Recorded, legend has it, in a student’s room late one night Davey Graham After Hours At Hull University, 4th February 1967 is one hell of a live document; albeit one hell of a live document in need of a less functional and more zingy title^. Recorded on a single microphone, with some background chat it’s a miracle that it captured the music so well at all.
It captures Davey Graham at the height of his powers and that, dear readers is a damn awesome thing. Long unfairly ghettoized as a folk guitarist, Graham is SO much more. Just listen to the absolutely seminal ‘She Moved Thru’ The Bizarre / Blue Raga’, where he twists his own take on the trad folk tune into astonishing new forms, weaving Eastern raga and blues stylings in seven minutes of jaw-dropping virtuosity. Not only is it a talent bomb exploding on the San Andreas fault line of, umm, timely Zeitgeisty magicossity but it’s a wonderful, uplifting listen. Davey Graham is often described as a guitarist’s guitarist and you can hear his influence acutely amongst the first rank of his contemporaries, Jimmy Page was a huge fan*, Richard Thompson and Blackmore too and I have no doubt there are scores of folkoids out there I’m not knowledgeable enough to tell you about.
Now much as I love a good screaming guitar and really want to own an Airline 59 Custom soon I know next to nothing about the act of playing them. I do know is that there is the bangy, bangy fast hands end (usually the round end) and the widdly widdly fast finger sticky out bit. So I’m probably not best qualified to tell you that Davey Graham is also credited with introducing the DADGAD blues tuning to Britain in 1964, which he used to better play along with/simulate Middle-Eastern music.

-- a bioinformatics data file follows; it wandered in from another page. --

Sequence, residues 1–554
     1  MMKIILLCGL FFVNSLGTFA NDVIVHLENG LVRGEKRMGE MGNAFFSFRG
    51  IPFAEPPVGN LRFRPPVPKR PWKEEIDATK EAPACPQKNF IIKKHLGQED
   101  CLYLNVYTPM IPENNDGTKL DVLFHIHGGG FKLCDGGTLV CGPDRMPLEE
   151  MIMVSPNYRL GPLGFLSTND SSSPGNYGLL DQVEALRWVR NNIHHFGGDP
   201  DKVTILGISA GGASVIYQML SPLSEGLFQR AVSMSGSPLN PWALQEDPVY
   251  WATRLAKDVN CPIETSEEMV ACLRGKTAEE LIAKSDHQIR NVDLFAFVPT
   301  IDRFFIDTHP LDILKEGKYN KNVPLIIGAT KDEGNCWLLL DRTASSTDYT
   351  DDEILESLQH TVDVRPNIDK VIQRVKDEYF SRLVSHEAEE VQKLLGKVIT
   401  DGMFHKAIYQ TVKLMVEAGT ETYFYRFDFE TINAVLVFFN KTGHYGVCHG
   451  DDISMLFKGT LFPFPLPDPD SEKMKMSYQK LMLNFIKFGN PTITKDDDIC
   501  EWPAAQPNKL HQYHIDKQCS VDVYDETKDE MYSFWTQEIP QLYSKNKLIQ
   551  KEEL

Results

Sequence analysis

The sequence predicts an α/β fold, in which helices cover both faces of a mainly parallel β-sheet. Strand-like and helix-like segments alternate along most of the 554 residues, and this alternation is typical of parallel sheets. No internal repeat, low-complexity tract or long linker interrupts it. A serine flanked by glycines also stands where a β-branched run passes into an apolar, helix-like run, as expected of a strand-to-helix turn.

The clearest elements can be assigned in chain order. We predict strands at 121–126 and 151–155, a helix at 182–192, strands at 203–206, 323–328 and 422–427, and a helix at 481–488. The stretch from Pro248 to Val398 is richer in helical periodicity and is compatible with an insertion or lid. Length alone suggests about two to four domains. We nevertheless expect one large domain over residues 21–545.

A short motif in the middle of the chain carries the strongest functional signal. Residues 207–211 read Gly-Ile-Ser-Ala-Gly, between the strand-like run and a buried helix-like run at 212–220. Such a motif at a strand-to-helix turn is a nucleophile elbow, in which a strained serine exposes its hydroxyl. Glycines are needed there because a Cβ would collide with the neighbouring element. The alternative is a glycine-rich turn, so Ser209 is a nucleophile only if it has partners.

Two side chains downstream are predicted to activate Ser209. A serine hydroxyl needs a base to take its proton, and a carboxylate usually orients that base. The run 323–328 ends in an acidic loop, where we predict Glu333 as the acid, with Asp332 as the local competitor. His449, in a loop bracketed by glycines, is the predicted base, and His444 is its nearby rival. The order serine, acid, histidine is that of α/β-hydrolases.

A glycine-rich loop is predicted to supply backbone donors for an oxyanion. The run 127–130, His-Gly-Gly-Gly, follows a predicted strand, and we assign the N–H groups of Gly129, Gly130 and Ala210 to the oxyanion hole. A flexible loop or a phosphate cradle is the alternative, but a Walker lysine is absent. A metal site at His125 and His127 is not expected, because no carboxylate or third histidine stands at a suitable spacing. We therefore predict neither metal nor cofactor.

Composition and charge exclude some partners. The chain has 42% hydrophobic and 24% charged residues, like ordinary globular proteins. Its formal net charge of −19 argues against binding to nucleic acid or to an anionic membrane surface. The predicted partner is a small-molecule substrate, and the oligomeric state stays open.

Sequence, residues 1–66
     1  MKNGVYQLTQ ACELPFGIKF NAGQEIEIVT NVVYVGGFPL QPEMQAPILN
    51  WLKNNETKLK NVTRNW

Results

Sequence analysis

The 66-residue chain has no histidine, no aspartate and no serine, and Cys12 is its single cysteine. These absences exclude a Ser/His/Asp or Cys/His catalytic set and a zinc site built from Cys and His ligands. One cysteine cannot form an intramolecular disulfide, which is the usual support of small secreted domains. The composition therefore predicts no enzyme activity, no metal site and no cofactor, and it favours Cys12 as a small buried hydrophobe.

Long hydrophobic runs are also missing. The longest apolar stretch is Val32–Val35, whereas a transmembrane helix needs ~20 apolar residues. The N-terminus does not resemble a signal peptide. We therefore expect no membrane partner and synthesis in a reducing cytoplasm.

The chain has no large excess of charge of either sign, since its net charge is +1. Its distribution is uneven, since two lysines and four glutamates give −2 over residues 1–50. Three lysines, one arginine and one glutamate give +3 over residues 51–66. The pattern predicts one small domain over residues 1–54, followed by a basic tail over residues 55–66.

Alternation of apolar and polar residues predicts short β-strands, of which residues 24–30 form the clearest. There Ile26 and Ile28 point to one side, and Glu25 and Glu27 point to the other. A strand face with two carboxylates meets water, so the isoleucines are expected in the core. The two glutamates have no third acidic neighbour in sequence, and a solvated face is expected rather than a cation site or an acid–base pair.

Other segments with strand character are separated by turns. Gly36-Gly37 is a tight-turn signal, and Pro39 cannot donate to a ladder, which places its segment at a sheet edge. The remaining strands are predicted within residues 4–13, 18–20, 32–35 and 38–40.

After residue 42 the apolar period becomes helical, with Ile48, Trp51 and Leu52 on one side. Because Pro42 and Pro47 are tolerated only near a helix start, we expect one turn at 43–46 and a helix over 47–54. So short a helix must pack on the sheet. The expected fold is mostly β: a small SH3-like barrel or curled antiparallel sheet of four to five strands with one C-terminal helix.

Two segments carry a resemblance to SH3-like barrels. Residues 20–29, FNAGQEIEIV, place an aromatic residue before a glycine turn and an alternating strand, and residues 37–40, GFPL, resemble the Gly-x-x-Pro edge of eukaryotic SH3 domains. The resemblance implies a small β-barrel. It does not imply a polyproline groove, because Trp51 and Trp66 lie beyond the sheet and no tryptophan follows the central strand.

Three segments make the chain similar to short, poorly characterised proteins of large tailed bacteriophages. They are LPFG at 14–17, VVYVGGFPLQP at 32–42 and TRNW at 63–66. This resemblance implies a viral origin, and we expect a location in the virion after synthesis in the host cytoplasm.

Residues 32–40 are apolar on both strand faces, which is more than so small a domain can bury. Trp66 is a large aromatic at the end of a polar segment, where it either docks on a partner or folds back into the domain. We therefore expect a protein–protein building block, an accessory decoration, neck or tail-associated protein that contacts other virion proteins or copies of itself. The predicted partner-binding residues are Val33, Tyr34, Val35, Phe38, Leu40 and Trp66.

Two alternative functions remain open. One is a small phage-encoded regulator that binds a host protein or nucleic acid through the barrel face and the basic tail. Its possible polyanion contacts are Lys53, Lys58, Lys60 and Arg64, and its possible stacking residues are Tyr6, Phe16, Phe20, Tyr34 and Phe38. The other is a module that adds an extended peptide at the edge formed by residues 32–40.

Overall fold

I have a Rollercoaster Records 10″ reissue of After Hours … , which I picked up in 2006, which re-orders the whole LP and chops a few perfectly good songs off the original album, no matter all musical life is here. We have Bach, ‘Bouree in E Minor’**, early blues, ‘How Long Blues’, gentle ragtime and genial shuffling, the Carl Perkins-penned ‘Grooveyard’. Davey Graham’s vocals are a bit of an acquired taste and I tend to give ‘Cocaine’ a swerve as a result. However, where it really strikes is where the genres are blurred and blended together, ‘Miserlou’ for example which could, depending on your own particular set of biases be a classical or an eastern guitar piece. In fact at times it almost sounds a little like an oud or a sitar playing. Davey Graham, well-travelled at a time when most were not, is often cited as the man who really brought such influences into, if not popular culture, then into the minds of the musicians who would later popularize them.
Like all great players do he makes it sound, to a non-player like me anyway, effortless and like all truly great players the virtuosity is only there in the service of the tunes and not the other way around.
This is a real gem.
^if only they’d consulted me first: Tearing Hull A New One, After Fucking Hours, Cold Kicking It Live In Hull, Goodness Gracious Hullacious Live! to name but four.
*just check out Led Zep’s ‘Black Mountain Side’ and then deny it. In fact I first encountered Davey Graham on a Led Zep compiled cover disc of influences.
**you listening Ritchie Blackmore?